Eat as many servings of fruit and veggies as you can, even at the expense of any other food.
2-3 Servings of Meat & Alternatives
Meat is an interesting food type. For many people, it’s the main way to get protein and other very important nutrients. However, in modern times, with no shortage of readily available meat, we’re almost certainly eating too much. A serving of meat, according to the Canada Food Guide, should be the size of a deck of cards. If you go eat a steak, you’re probably eating at least 2-3 servings of meat. Much more commonly than that, though, is the fact that with chicken breasts growing quickly in the last few decades, having just one is way too much for a meal.
Be aware of large servings sizes of meat in burgers, chicken breasts, and other meals. Get some meat in your diet, but it’s easy to overdo it.
6-8 Servings of Grains
This is a tough one. In the early-mid 2000s, this food group stood at 5-12 servings. Today, that recommendation is almost cut in half. This is because there are many tasty, but ultimately unhealthy, foods that fit into this category. Many grain-based foods are chock-full of sugar, and serving sizes are not very large. It’s incredibly easy to blow past the recommended amount of grains in a day, even with the intention of eating healthy meals. Combine that with the fact that white bread is basically candy (without even getting to many cereals), and with growing plate & serving sizes at home and in restaurants, and it’s easy to see how obesity is a growing public health concern.
If you can, avoid grains except in small amounts, or if you’re in dire need of some quick energy (which often isn’t the case in a modern world full of convenience stores and supermarkets).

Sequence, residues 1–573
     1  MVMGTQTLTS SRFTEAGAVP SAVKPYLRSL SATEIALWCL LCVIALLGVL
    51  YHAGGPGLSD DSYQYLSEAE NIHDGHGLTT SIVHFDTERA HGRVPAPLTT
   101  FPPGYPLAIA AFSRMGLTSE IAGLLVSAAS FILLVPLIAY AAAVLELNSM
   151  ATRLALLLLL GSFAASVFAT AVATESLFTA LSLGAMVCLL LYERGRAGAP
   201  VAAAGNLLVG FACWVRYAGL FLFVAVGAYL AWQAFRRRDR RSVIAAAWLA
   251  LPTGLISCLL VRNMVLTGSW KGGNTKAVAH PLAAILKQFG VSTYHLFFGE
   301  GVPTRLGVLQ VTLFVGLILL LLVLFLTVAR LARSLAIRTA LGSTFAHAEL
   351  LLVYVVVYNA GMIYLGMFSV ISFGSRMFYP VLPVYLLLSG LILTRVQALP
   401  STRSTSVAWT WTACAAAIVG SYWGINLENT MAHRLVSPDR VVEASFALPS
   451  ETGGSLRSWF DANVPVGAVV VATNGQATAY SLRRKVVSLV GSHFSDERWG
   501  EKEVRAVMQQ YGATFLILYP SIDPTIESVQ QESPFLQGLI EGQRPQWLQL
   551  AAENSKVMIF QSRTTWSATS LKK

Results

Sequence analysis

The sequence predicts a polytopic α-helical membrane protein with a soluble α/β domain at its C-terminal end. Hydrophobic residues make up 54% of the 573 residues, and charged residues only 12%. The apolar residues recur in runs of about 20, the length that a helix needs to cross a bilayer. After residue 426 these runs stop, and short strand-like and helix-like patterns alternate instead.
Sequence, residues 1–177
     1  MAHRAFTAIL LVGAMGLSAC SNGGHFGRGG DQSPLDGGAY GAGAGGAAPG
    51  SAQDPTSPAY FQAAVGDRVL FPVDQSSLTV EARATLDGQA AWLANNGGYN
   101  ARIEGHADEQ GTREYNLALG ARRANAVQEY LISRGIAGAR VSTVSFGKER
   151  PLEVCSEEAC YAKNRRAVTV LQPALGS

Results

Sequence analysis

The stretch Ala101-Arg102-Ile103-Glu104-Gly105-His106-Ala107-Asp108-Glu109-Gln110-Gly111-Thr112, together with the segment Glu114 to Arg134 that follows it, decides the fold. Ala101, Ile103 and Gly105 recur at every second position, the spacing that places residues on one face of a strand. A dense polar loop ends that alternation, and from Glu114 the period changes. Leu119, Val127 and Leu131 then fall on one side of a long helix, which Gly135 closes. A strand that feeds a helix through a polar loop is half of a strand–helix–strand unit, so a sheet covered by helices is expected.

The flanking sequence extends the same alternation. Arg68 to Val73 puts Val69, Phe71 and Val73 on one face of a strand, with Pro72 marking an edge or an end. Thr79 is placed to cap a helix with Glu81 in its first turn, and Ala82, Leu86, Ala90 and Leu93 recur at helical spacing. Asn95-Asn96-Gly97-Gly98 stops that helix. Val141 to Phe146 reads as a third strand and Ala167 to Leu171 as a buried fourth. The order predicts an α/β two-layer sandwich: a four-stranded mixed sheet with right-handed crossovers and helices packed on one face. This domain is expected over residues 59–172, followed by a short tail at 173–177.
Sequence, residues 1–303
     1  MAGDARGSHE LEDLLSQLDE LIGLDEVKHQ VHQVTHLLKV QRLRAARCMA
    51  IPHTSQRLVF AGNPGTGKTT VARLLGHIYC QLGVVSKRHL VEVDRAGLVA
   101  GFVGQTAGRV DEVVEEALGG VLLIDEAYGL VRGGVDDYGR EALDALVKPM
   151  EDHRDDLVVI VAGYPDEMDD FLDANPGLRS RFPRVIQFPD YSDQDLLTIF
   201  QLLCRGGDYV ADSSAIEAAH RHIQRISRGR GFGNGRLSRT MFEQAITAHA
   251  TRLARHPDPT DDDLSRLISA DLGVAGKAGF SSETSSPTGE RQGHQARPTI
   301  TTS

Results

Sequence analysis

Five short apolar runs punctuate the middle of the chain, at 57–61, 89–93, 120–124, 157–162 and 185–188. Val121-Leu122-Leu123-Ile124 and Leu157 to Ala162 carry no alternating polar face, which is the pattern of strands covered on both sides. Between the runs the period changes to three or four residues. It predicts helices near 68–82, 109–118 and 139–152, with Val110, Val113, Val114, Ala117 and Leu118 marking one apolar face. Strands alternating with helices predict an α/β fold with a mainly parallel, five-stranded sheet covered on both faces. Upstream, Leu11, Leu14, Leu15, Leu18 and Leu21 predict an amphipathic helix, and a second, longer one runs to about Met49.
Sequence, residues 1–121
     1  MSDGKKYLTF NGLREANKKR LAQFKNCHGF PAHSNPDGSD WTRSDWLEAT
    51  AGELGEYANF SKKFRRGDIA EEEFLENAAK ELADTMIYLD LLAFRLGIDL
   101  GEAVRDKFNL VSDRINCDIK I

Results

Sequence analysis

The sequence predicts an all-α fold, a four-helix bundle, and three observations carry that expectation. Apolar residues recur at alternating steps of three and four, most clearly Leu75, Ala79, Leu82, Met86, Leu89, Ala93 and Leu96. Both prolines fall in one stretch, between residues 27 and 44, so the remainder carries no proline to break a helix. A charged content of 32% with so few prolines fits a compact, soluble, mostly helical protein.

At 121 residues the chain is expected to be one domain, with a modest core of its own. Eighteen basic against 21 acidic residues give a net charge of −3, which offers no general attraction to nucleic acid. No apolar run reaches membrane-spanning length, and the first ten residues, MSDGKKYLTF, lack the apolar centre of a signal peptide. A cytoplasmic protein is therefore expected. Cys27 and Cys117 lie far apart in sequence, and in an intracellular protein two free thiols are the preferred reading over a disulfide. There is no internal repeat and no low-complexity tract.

2-4 Servings of Milk/Dairy
The last entry on the Canada Food Guide is also the least deserving to be there. Milk and dairy products are effectively candy for the purposes of an adult diet. While milk and related foods do contain calcium, which is important for bone health, once you’re through childhood, there are many better ways to ingest plenty of calcium (like dark, leafy veggies). Milk can actually function pretty well as a sports drink (if you keep it cold) since it contains lots of easy to digest sugar, fat, and some protein. But for everyday use, if you’re not having any dairy, don’t sweat it.
If you’re going to have some milk, cheese, or yogurt, don’t worry too much about it. But if you don’t have any, REALLY don’t worry about it. The Dairy Farmers of Canada played a big part in getting milk featured so prominently in the Food Guide, and they’re a little biased.
To summarize, don’t worry so much about what you’re eating on a given day (as long as you have some veggies). If you’re going to worry, consider how much you’re eating, and if you can reduce the amount (serving sizes) of meat, dairy, or grains that you’re having, that goes a long way towards keeping extra weight from sticking.
The Canada Food Guide is an outdated set of recommendations based on old nutrition science, and if it were re-written today following modern scientific principles, and without advocacy group pressure, it would likely look a lot different. Being aware of the limitations of the Food Guide, along with a little bit of food science, it’s not too complicated to determine what foods can be part of a healthy diet.